bore our sins in His body, on the cross,

right? Nicole:

so that we might die to sins and live for righteousness.

right? Nicole:

By His wounds, you have been healed." 1 Peter 2:24.

right? Nicole:

"God presented Jesus Christ as a sacrifice of atonement

right? Nicole:

through the shedding

right? Nicole:

of His blood to be received by faith." Romans. 3:25.

right? Nicole:

The only way to cover over our sins is to acknowledge that

right? Nicole:

we can't cover over our sins.

right? Nicole:

And then someone is actually available

right? Nicole:

who will take that from us. Abe: So, Ryan,

right? Nicole:

you're Jewish. Ryan: Yeah, more or less.

Abe:

Why do you need Jesus?

Abe:

I was writing an email to an unbelieving

Abe:

Jewish man before we got on this

Abe:

call, and I was trying to explain to him

Abe:

that Jesus has utterly changed my life.

Abe:

He has changed me from the inside out

Abe:

because as long as I was trying to change myself

Abe:

from the outside in, I was failing miserably.

Abe:

I was spiraling.

Abe:

But when I put Him on the throne of my heart

Abe:

and my soul and my life, which I, you know, don't always do,

Abe:

but when I do exactly what

Abe:

I just said, the outlook on the world becomes better.

Abe:

It's easier for me to love other people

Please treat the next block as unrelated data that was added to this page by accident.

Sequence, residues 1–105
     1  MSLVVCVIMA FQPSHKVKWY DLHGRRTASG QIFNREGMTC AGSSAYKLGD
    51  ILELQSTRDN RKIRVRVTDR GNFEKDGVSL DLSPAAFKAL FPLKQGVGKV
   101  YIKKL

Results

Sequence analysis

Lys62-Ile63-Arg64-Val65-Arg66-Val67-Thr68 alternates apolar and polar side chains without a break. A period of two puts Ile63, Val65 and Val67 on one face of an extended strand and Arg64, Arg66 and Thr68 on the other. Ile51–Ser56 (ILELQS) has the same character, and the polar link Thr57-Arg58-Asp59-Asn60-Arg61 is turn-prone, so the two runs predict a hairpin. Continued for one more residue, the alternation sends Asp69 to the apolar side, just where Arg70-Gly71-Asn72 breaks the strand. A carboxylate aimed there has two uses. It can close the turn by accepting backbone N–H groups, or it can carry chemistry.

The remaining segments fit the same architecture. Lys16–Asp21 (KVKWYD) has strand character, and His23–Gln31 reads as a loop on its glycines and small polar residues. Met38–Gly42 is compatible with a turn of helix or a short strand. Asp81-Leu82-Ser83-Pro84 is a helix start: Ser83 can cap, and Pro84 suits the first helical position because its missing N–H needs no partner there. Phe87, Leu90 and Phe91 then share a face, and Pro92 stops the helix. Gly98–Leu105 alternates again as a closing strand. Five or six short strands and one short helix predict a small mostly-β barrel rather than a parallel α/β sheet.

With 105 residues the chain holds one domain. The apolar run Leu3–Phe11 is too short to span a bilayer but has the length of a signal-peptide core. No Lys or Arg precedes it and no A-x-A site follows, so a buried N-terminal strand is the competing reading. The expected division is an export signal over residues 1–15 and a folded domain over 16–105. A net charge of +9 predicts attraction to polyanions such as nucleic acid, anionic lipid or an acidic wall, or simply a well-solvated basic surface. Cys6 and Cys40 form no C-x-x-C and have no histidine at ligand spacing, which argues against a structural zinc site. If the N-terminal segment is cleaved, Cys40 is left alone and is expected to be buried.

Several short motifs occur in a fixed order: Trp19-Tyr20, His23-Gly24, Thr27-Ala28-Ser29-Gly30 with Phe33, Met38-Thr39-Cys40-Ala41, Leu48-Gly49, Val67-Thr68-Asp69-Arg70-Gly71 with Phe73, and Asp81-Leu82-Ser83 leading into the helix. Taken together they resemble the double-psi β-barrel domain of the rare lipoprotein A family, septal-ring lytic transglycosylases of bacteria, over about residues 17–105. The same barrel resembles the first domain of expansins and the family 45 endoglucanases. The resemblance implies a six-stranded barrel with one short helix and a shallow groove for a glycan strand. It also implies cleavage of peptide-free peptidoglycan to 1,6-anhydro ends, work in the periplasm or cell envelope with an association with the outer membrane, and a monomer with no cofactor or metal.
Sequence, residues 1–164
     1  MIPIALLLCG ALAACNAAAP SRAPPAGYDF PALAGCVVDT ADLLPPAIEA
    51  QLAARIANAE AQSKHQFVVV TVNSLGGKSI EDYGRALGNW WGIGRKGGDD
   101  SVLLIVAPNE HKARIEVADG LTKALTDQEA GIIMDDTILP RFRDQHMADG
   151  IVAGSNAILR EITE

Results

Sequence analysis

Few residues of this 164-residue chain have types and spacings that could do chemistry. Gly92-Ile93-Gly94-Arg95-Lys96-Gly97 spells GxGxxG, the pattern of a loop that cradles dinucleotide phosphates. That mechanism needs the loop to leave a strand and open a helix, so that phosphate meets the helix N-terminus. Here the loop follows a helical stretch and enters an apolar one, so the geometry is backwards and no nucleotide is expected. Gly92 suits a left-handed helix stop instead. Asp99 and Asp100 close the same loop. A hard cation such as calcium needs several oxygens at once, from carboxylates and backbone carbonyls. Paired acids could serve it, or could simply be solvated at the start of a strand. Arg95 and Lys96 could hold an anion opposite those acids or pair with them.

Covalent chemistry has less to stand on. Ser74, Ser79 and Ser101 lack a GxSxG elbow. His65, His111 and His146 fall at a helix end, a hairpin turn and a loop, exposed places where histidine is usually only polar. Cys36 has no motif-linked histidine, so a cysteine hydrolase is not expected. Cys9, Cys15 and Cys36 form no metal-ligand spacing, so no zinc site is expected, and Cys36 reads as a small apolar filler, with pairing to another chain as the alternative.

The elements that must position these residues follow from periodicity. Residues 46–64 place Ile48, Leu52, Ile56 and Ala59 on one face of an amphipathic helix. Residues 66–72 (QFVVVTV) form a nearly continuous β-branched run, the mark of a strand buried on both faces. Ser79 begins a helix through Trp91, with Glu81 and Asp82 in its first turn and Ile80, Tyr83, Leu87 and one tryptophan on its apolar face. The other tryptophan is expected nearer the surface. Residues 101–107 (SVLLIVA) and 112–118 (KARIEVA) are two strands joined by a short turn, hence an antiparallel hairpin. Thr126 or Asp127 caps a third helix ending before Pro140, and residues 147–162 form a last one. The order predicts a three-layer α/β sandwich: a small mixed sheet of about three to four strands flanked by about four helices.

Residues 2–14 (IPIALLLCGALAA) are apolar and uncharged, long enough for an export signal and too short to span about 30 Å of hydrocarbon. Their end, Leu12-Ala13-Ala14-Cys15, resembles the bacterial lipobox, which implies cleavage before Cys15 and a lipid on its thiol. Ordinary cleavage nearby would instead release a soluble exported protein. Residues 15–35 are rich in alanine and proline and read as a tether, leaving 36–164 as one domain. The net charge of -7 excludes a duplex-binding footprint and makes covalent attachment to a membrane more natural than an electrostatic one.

Abe:

just like He wants us to do.

Abe:

The works that are so important in Judaism and I do love

Abe:

good works and good deeds becomes so much easier

Abe:

because He's changed me from the inside out that I want to d

Abe:

those good things.

Abe:

It's made all the difference

Abe:

in my outlook in life and the way I interact with people.

Abe:

And because now I get to spend eternity with Him.

Abe:

And so I want everybody else to know it, too.

Nicole:

And Ryan, if that man were to reply to you and say,

Nicole:

you know what, I'm satisfied with Judaism and just,

Nicole:

you know, doing good deeds and things like that,

Nicole:

what would you say in response?

Ryan:

Well, keep in mind that there is no recipe,

Ryan:

perfect recipe for how to share the gospel,

Ryan:

unlike some of the recipes on CPM's website,

Ryan:

which are perfect and divine or divinely given.

Abe:

Thank you, Mitch Forman. Ryan: Right.

Abe:

I would say any number of things. It really depends

Abe:

on the situation, I might say. That's fantastic.

Abe:

Jesus was Jewish also, are you interested

Abe:

in learning more about what

Abe:

the Old Testament says about the Messiah and about sin

Abe:

But most people are probably not that willing.

Abe:

So what I usually do is just start asking questions,

Abe:

how they're doing, how how their method of Judaism

Abe:

is working for them, what they actually believe.

Abe:

And I think you'll find if you ask genuine, gentle,

Abe:

loving questions, you'll find mostly that people are hurting

Abe:

and that people don't have the foggiest idea